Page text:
Nobody knows what the measurements of the next pope will be so Gammarelli -- tailors to the papacy since the 18th century -- have produced vestments in small, medium and large just in case.

"We have prepared three vestments in white wool, a stole, red loafers, a skullcap, as well as a red velvet cape with a white fur border since it's winter," Lorenzo Gammarelli told AFP at the store in Rome.

The job presents some very particular challenges.

"We can always adapt the vestments and the skullcap doesn't change but it's tricky with the loafers. The next pope cannot wear shoes that are not his size so we will offer all sizes," he said.

It's a delicate mission that Gammarelli's expert tailors have been long accustomed to -- as shown by the framed images of all the popes they have worked for on the walls of the old-worldy shop.

Proudly displayed in the store on a side street near the Pantheon in central Rome are also certificates that say the tailor is an official supplier to the Vatican.

"The fabric for the cassocks is pure wool. There is no special wool for the Holy Father. It's the usual fabric that we use for all our clients who want to wear white," Gammarelli said.

The shop appears like it has been unchanged for decades -- from the old wooden counter to the stacks of rolls of fabric accessed by shopkeepers on wooden ladders.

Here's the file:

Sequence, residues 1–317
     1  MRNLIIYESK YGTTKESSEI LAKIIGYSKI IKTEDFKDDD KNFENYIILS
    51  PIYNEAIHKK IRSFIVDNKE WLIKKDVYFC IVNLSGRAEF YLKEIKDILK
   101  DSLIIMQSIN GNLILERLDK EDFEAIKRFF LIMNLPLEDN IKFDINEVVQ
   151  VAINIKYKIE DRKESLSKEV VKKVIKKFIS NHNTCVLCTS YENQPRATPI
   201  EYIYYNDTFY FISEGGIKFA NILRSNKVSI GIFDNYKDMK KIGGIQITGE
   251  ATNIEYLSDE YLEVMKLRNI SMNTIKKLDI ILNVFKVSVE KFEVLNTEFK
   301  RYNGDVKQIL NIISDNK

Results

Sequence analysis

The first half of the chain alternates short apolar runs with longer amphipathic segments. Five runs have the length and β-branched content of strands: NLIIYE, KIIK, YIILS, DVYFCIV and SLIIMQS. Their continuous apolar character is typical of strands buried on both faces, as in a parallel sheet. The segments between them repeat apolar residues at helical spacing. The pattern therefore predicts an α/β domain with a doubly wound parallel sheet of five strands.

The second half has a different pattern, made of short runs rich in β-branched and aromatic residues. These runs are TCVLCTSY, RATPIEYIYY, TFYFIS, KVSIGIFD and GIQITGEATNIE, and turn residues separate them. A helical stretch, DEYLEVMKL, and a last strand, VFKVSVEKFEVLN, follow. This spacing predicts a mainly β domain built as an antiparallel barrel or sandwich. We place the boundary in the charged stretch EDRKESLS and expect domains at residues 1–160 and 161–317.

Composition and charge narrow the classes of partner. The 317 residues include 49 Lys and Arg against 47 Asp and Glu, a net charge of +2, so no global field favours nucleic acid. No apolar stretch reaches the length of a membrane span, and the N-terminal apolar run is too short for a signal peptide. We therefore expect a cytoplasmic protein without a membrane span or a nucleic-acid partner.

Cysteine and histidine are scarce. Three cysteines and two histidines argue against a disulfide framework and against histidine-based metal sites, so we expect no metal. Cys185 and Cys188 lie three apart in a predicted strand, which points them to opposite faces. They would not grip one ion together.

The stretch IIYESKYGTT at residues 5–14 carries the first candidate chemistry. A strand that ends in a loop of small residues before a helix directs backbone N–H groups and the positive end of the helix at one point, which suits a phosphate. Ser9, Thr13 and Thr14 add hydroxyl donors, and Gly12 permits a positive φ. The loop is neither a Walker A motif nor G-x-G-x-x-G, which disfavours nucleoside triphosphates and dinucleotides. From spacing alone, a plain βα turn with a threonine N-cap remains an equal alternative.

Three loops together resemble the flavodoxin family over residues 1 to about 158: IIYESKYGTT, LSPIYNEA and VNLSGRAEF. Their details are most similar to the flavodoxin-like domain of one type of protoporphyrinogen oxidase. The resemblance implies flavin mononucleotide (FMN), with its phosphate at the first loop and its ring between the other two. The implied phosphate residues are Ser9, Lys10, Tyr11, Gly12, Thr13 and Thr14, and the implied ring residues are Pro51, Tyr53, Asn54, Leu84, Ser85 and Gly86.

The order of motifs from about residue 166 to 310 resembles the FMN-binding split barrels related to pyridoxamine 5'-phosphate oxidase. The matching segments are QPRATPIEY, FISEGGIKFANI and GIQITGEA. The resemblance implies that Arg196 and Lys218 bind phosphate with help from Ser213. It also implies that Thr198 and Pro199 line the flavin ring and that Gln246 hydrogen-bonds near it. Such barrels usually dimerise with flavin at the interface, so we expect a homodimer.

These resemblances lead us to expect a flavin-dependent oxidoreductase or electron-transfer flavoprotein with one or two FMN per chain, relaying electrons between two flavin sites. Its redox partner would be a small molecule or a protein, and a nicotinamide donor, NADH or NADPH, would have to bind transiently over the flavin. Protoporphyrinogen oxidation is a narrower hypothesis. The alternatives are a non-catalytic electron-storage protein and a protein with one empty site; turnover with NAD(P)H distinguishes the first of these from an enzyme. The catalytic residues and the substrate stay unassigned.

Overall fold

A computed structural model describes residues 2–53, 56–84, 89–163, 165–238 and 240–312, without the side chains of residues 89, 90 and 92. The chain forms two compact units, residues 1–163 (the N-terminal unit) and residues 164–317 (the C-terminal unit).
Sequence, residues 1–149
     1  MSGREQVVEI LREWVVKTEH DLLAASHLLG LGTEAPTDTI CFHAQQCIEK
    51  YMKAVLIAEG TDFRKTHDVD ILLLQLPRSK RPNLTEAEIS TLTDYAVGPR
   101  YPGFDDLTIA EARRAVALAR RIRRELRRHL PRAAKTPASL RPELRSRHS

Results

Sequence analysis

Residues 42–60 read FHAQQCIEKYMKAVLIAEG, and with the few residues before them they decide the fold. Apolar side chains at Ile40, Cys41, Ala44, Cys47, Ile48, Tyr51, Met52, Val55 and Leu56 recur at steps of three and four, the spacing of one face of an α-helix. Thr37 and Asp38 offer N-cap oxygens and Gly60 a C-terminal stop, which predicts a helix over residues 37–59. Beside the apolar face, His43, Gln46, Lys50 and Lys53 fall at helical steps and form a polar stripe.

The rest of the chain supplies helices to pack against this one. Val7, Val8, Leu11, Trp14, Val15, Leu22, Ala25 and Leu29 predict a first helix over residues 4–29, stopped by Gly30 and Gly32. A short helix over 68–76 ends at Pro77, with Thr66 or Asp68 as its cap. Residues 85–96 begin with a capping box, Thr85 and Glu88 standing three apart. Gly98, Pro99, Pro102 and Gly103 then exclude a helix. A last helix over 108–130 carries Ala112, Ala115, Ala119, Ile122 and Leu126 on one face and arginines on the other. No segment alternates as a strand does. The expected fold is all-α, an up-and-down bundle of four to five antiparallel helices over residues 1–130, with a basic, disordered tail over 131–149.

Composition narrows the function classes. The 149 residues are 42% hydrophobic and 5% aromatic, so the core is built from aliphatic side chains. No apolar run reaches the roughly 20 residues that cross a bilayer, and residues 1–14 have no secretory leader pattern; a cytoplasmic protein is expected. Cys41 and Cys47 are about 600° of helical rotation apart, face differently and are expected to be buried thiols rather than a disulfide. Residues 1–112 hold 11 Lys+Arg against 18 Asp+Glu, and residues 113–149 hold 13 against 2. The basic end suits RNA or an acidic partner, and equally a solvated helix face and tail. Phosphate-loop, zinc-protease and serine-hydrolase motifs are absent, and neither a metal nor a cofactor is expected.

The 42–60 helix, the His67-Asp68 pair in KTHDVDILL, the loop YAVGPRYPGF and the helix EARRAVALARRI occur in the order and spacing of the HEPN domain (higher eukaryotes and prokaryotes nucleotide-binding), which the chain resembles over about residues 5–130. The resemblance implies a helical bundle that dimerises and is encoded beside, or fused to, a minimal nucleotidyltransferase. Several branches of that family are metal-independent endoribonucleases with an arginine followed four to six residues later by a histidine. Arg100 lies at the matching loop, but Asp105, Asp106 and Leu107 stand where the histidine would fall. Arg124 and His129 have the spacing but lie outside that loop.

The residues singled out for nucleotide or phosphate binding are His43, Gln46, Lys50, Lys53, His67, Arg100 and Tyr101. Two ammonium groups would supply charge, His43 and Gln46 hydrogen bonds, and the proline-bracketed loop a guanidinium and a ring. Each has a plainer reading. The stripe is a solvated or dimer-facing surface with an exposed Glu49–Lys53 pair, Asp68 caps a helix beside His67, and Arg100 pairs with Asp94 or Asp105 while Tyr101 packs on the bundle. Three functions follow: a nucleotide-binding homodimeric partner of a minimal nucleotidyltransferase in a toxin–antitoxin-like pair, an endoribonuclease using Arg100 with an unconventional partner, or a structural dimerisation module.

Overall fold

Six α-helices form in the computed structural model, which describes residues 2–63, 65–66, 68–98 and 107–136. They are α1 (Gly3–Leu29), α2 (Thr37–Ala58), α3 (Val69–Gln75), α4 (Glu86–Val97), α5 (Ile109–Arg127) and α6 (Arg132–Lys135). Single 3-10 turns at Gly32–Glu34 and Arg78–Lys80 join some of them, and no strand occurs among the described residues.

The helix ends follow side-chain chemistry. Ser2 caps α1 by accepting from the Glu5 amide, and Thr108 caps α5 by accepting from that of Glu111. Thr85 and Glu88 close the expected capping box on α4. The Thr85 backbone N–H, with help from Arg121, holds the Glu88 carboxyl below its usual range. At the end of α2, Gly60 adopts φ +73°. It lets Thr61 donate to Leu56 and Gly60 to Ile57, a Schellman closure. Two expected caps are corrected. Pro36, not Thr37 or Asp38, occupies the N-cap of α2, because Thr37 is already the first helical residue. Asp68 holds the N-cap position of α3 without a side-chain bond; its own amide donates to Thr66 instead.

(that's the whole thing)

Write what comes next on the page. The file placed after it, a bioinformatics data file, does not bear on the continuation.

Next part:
A little spiral staircase leads up to the shop's holy of holies -- a workshop on the first floor where ordinary mortals are not allowed to go.

Gammarelli explained that between three and five tailors have worked on the papal vestments this time around -- working in record time after Benedict XVI made the shock announcement on February 11 that he would step down.

"The conclave is an exceptional time," he said.

"This time around it is even more so since we were not expecting at all. The resignation of the Holy Father really took us by surprise," he said.

Benedict XVI, who now goes under the title of "pope emeritus", stepped down as leader of the world's 1.2 billion Catholics last Thursday.

"To be honest, when I first heard it, I couldn't believe it. It seemed absurd," Gammarelli said.

But the tailor did not add more on his views -- a certain discretion is part and parcel of the job.

Asked how the delivery to the Vatican is made or who will put the finishing touches to the papal robes, Gammarelli offered only an enigmatic smile.

The conclave to elect popes is held in strictest secrecy in the Sistine Chapel. No date has been set but it is expected in the first half of March.

There is just one certainty: when the next pope emerges in front of the crowds in St Peter's and with millions around the world watching, he will be dressed head to toe in Gammarelli.